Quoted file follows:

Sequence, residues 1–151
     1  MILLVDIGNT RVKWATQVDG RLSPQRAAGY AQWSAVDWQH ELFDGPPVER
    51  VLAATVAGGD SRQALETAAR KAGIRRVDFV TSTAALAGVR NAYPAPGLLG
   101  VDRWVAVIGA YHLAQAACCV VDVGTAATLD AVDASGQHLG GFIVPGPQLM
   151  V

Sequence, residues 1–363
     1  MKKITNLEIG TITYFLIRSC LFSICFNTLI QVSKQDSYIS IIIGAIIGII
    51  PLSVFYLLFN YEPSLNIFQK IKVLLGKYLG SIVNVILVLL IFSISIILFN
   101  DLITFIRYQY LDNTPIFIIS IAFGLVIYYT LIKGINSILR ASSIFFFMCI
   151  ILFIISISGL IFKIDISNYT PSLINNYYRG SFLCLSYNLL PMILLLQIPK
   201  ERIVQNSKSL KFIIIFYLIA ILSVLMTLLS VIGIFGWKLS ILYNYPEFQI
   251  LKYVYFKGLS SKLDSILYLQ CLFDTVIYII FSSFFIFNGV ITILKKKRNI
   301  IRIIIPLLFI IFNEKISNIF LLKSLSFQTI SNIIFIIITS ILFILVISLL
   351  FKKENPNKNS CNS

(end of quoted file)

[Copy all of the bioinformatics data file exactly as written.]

Sequence, residues 1–151
     1  MILLVDIGNT RVKWATQVDG RLSPQRAAGY AQWSAVDWQH ELFDGPPVER
    51  VLAATVAGGD SRQALETAAR KAGIRRVDFV TSTAALAGVR NAYPAPGLLG
   101  VDRWVAVIGA YHLAQAACCV VDVGTAATLD AVDASGQHLG GFIVPGPQLM
   151  V

Sequence, residues 1–363
     1  MKKITNLEIG TITYFLIRSC LFSICFNTLI QVSKQDSYIS IIIGAIIGII
    51  PLSVFYLLFN YEPSLNIFQK IKVLLGKYLG SIVNVILVLL IFSISIILFN
   101  DLITFIRYQY LDNTPIFIIS IAFGLVIYYT LIKGINSILR ASSIFFFMCI
   151  ILFIISISGL IFKIDISNYT PSLINNYYRG SFLCLSYNLL PMILLLQIPK
   201  ERIVQNSKSL KFIIIFYLIA ILSVLMTLLS VIGIFGWKLS ILYNYPEFQI
   251  LKYVYFKGLS SKLDSILYLQ CLFDTVIYII FSSFFIFNGV ITILKKKRNI
   301  IRIIIPLLFI IFNEKISNIF LLKSLSFQTI SNIIFIIITS ILFILVISLL
   351  FKKENPNKNS CNS